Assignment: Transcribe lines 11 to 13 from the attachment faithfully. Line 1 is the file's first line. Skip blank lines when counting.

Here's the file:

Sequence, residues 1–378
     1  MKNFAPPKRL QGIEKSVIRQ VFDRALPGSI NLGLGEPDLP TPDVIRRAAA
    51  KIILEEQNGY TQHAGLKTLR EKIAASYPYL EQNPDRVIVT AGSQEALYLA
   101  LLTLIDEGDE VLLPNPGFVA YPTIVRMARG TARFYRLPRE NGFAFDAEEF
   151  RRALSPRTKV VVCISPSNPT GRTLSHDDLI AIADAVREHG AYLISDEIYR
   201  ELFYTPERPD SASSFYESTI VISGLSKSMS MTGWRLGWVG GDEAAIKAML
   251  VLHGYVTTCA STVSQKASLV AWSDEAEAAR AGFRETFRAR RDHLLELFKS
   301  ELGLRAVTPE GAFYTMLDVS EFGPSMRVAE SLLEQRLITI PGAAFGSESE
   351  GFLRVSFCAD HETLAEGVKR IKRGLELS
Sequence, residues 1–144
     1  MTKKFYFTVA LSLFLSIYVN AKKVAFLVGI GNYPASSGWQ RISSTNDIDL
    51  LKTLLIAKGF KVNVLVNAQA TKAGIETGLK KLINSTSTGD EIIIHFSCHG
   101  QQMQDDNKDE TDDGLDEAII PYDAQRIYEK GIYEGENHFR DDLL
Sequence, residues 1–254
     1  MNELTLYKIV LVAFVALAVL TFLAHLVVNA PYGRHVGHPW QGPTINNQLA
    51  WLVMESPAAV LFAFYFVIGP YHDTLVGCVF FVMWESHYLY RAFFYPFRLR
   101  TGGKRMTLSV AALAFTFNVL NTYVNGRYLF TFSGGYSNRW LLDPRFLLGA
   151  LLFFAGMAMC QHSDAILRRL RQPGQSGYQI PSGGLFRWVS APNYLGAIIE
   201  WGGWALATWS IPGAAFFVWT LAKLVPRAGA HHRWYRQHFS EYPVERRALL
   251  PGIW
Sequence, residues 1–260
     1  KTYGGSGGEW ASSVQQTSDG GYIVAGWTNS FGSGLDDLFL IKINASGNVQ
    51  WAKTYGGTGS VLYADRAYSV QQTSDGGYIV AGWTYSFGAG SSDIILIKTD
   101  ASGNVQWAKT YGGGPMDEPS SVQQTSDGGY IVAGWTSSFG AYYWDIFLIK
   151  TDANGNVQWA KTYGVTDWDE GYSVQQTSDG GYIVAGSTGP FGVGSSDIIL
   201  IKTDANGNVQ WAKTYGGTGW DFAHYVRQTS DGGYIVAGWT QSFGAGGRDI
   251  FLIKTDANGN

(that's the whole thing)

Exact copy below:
     1  MTKKFYFTVA LSLFLSIYVN AKKVAFLVGI GNYPASSGWQ RISSTNDIDL
    51  LKTLLIAKGF KVNVLVNAQA TKAGIETGLK KLINSTSTGD EIIIHFSCHG
   101  QQMQDDNKDE TDDGLDEAII PYDAQRIYEK GIYEGENHFR DDLL